BASIC Stamp II math note #C

BASIC Stamp, CORDIC math implementation

(c) 2002,2005 EME Systems, Berkeley CA U.S.A.
Tracy Allen
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contents (updated 12/28/2005)

Demo programs for CORDIC math:

Given x and y, computes the angle  and the length of the vector from the origin to point (x,y). (revised 12/05)

        Given an angle in degrees, 0-360, calculates the sine and cosine to

CORDIC is an acronym for COordinate Rotation Digital Computer. The notions behind this computing machinery were motivated by the need to calculate the trig functions and inverse trig functions in real time navigation systems. The CORDIC algorithms require only shifts, adds and table lookups, simple integer math.  So, it  is possible to implement a specialized CORDIC machine, small and fast enough for real time calculations, dedicated to that one purpose.   The algorithm can be coded in firmware on even small microcontrollers.   With slight modifications in initial conditions and data tables, the core algorithm can multiply, divide, modulate, and calculate square roots, hyperbolic functions, exponentials and logs.  It is this versatility and simplicity, that make CORDIC the preferred implementation of math functions on small  hand calculators.

The purpose of this note is to show how to code the algorithms  BASIC Stamp.   First off, it is an educational exercise,  to see how these fascinating algorithms work.  Beyond that, sometimes you really need one of these math functions.  The alternative is often a table  lookup with interpolation, an external coprocessor,  a different algorithm (which may turn out to be quite beyond the capability of the Stamp),  or a rethinking of what is really required. The BASIC Stamp of course has no floating point unit, although you can add one as an external chip. The same can be said for most small embedded processors, like the PIC or the SX series, or the MSP430 series. The CORDIC method is attractive because it is an integer algorithm close to the hardware. Of course the Stamp will not be fast in its implementation, but in some applications it is fast enough.

You will find very little about CORDIC in math books or other literature. For example, Jack Crenshaw does not mention it in his excellent book, Math Toolkit for Real Time Programming, nor is there a single mention of it in Donald Knuth's seminal tome, The Art of Computer Programming. I don't know why.  Maybe the algorithm  is too unsophisticated or so specialized as to be relegated to hand calculators, coprocessors and navigational engines.  The computational methods of choice, explained in detail in  college math courses and texts, are based on power series expansions of the functions, or  solvers such as Newton's method. The series expansion for each mathematical function can present unique difficulties in terms of convergence, so each function ends up with a different piece of computer code, different from the next function in the library. They run best on a full general purpose computer with floating point math capabilities built into the hardware, and under such conditions they can be  optimized  computational speed and accuracy. But for generality and for compatibility with simple integer hardware, the CORDIC method has no peer.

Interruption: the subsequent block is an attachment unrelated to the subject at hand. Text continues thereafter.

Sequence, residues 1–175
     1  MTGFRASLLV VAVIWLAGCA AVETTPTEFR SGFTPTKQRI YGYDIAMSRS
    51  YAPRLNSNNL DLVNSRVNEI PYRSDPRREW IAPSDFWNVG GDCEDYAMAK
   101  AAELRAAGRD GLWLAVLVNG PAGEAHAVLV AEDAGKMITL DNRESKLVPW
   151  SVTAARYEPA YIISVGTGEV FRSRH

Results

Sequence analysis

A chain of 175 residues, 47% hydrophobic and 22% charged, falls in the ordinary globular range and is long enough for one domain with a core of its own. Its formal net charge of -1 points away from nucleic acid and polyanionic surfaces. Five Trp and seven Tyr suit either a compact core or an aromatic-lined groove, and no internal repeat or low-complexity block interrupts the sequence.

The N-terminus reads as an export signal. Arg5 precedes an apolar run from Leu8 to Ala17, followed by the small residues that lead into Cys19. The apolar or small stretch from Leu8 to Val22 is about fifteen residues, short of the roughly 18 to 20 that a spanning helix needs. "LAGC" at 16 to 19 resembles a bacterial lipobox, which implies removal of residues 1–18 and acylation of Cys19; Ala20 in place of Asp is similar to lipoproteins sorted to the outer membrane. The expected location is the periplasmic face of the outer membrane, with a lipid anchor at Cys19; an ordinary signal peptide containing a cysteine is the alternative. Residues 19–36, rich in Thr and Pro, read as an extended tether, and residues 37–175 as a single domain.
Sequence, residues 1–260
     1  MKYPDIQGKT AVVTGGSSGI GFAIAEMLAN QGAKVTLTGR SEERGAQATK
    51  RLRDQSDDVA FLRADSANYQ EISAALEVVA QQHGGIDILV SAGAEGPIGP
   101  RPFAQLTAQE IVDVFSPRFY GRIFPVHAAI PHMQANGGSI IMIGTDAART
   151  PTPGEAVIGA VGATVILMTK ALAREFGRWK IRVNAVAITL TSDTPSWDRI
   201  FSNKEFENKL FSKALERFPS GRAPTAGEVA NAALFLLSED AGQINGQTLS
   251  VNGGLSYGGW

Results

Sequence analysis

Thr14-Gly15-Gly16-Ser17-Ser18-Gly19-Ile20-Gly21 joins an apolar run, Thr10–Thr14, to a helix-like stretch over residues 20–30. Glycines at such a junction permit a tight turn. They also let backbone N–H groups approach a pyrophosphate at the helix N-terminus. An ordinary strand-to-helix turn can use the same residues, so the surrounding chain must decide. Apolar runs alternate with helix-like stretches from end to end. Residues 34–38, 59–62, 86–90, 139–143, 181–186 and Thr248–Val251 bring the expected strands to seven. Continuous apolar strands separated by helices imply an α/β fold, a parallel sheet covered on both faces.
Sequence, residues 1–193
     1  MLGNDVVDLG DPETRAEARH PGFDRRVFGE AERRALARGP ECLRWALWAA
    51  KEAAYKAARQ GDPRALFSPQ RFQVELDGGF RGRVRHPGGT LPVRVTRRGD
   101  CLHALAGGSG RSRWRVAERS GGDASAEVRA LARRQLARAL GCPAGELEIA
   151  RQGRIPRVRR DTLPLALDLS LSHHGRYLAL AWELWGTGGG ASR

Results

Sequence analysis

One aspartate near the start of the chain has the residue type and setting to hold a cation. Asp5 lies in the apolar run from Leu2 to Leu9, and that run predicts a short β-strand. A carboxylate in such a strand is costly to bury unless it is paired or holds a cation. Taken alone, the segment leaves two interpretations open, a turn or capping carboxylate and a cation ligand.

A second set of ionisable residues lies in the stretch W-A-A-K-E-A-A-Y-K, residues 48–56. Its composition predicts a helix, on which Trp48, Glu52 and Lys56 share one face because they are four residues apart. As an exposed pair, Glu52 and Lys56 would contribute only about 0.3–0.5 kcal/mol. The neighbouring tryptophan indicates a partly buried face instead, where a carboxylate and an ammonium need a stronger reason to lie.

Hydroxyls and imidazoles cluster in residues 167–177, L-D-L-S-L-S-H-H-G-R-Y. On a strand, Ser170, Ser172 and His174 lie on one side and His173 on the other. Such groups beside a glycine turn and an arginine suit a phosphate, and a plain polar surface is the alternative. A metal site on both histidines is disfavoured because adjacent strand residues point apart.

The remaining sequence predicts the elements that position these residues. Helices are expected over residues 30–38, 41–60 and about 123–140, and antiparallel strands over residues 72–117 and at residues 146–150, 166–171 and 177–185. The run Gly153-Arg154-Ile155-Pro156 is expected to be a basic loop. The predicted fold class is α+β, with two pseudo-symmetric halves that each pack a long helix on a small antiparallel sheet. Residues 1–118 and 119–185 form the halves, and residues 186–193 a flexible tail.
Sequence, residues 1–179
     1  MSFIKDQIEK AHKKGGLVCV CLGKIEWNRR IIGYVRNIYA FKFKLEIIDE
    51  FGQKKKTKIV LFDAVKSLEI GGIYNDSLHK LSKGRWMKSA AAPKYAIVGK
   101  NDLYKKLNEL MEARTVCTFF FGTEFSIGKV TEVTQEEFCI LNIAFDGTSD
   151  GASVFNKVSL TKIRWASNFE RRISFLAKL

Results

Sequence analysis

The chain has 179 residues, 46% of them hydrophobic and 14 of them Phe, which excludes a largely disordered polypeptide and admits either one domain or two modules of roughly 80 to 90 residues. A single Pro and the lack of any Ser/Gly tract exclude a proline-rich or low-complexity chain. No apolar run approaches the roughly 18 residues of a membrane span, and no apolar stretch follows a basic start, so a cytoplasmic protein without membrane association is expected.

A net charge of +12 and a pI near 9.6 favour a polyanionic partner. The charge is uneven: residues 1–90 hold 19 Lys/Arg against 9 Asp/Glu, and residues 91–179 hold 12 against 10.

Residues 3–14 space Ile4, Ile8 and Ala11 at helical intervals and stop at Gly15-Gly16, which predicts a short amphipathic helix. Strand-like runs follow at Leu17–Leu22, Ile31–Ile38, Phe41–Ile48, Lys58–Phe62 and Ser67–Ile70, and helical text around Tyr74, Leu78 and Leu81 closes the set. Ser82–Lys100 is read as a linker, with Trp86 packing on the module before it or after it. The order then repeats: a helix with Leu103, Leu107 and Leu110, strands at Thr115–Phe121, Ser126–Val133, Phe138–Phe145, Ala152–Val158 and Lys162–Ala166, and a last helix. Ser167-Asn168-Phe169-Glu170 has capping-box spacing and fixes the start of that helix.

Here are some links to URLs relating to the CORDIC method (also try Google, I know some of these are out of date):

Ray Andraka, Consulting
gurus' guru. By far the most incisive discussion of the subject I know of. Download the pdf file, "Survey of CORDIC Algorithms for FPGAs".
Grant R. Griffin
dspGURU. An informative FAQ, with additional links to the online and printed literature.
Ingo Cyliax
CORDIC swiss army knife for computing math functions.. An article from Circuit Cellar INK. It even includes a program for calculating sine and cosine on the BASIC Stamp II. A different approach from the one taken here.
Pitts Jarvis
"IMPLEMENTING CORDIC ALGORITHMS A single compact routine for computing transcendental functions" An tutorial from Dr. Dobbs Journal, October 1990. code
Helmut Knaust
"How Do Calculators Calculate? A tutorial from University of Texas.
Volder, J.E., 1959, The CORDIC Trigonometric Computing Technique, IRE Transactions on Electronic Computers, V. EC-8, No. 3, pp. 330-334
seminal paper
Vladimir Baykov
Interesting newsgroup posting by Vladimir BAYKOV
Norbert Lindlbauer, Berkeley Center for New Music
Discussion of CORDIC architectures with a view toward music synthesizer 

 Givens transform, the underpinning of CORDIC


givens transform diagramThe CORDIC method depends on the Givens rotation transform, which expresses the coordinates of a point P in two different coordinate systems, rotated by a certain angle about their common origin.  In the first system point P has coordinates (x,y) and in the second system the same point P has coordinates (x'y').   The second system is rotated by an angle H with relation to the first. (H=phi in the diagram to the right-sorry about the notation).  The relation between the coordinates is: